In May 2009, Governor Arnold Schwarzenegger announced an initiative “to make California the first state in the nation to offer schools free, open-source digital textbooks for high school students.” Math and science texts were emphasized.
California currently spends about $400 million per year on textbooks.
Earlier this week, the results were announced, and they are surprising:
Of the 16 free digital textbooks for high school math and science reviewed, ten meet at least 90 percent of California’s standards. Four meet 100 percent of standards, including the CK-12 Foundation’s CK-12 Single Variable Calculus, CK-12 Trigonometry, CK-12 Chemistry and Dr. H. Jerome Keisler’s Elementary Calculus: An Infinitesimal Approach.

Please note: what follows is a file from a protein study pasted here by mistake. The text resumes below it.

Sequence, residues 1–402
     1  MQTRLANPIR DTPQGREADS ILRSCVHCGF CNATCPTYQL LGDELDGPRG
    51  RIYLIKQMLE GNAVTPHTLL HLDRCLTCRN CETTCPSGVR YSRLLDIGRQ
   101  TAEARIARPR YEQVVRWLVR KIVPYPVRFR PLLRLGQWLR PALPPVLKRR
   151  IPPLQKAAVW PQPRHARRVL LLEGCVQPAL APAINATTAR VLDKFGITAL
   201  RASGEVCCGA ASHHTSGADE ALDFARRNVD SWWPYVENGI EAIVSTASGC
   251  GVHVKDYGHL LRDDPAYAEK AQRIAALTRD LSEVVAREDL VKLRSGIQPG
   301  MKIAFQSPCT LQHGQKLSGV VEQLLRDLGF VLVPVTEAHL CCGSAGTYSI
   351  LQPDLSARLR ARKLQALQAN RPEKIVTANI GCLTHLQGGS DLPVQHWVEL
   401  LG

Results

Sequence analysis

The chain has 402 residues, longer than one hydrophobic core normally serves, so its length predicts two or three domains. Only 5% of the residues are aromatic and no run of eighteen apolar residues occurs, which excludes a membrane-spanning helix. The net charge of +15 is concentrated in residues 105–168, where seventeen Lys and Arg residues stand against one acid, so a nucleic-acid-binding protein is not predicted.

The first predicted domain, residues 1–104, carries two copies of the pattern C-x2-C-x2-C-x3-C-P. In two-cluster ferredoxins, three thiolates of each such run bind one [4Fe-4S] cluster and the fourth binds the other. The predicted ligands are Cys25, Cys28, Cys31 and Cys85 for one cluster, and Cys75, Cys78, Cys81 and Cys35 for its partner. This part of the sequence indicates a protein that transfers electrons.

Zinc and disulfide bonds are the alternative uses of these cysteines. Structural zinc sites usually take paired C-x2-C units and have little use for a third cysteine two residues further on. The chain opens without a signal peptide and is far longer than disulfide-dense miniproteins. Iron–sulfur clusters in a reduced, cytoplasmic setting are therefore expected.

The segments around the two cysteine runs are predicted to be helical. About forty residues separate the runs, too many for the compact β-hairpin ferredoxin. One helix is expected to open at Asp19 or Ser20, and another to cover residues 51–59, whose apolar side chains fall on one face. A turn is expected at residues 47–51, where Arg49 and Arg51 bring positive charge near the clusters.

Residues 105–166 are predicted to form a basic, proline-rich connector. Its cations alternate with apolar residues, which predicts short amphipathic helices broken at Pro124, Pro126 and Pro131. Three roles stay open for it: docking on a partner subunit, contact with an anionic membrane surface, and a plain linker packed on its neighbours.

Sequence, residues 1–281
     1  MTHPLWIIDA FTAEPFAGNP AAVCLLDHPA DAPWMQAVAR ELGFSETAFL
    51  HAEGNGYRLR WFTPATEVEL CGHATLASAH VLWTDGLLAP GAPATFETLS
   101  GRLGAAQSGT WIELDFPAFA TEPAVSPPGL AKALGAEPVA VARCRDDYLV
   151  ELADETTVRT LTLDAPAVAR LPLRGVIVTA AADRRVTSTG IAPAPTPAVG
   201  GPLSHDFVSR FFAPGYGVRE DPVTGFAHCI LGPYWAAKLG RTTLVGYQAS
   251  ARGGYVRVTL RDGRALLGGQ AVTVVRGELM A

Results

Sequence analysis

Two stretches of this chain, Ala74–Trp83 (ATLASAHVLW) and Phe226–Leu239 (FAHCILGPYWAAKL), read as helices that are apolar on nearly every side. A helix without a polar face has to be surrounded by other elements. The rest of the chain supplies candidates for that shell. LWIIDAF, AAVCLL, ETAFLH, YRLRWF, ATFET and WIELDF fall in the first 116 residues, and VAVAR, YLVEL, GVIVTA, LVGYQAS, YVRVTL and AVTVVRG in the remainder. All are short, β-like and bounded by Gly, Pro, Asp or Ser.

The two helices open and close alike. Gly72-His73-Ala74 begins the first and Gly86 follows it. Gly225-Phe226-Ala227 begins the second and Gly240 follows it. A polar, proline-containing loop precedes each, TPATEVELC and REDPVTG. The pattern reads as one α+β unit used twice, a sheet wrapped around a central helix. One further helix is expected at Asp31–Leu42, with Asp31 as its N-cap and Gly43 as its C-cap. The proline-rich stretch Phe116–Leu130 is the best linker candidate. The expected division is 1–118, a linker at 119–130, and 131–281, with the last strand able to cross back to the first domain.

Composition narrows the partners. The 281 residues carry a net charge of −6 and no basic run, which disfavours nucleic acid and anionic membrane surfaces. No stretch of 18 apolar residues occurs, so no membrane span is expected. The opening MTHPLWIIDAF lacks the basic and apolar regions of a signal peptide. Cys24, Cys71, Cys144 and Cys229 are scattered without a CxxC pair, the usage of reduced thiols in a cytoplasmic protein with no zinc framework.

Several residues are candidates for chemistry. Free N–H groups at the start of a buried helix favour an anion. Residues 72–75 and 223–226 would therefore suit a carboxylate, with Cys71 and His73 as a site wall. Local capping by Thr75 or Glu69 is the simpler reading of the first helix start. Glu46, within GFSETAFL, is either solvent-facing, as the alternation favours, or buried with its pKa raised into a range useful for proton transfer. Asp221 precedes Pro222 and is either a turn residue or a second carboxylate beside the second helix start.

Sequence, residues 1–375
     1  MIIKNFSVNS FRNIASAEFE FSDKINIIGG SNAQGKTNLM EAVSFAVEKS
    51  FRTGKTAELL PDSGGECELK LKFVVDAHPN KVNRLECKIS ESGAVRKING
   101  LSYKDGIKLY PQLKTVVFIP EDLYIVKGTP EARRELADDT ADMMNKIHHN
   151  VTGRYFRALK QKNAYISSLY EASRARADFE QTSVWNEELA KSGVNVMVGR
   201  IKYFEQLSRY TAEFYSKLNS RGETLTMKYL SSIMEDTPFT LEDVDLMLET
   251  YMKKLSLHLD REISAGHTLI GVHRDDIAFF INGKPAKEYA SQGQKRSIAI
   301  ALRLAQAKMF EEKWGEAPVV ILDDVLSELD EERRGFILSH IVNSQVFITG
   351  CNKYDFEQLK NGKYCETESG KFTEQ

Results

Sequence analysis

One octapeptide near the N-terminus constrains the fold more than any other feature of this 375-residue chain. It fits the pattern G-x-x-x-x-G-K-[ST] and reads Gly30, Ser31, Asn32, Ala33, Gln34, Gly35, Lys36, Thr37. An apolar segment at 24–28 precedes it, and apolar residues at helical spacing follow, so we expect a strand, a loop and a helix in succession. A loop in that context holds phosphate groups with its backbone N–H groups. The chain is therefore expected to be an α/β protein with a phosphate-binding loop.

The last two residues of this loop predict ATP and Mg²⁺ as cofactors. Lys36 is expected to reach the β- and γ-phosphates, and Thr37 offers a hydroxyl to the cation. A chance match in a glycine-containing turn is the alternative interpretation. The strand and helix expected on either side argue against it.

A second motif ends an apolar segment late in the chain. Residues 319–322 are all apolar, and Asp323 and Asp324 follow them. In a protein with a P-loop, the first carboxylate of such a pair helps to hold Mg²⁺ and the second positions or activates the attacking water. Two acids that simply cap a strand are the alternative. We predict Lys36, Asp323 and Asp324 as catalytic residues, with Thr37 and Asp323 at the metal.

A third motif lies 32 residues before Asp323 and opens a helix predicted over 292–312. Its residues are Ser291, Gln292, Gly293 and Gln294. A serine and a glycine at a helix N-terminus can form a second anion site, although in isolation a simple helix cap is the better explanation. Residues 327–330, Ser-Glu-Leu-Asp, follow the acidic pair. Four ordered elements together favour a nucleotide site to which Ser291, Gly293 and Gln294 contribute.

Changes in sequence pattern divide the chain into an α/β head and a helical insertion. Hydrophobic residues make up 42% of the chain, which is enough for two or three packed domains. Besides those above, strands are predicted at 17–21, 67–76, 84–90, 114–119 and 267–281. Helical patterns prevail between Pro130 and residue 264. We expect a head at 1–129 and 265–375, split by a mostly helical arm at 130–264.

A group that did very well in the initiative was CK12.org, a non-profit dedicated to using open source approaches to reduce the cost of textbooks for K-12 students around the world. They call their textbooks “Flexbooks,” and they’re available as PDFs under a Creative Commons Attribution-Share Alike 3.0 Unported License (CC-BY-SA).
Another non-profit with a similar profile and mission — Curriki (combination of “curriculum” and “wiki”) — didn’t fare as well, in one case only meeting 3 of 46 content standards. It was started in 2006 by Sun Microsystems.
CK12.org has also partnered with Virginia to expand its efforts.
According to a story in the New York Times, the digital divide will slow progress around free digital textbooks. Many students don’t have computers still, especially laptops that make digital texts more usable.
But with $400 million on the table in one of the nation’s largest economies, it may be only a matter of time before that money is redirected toward closing that divide.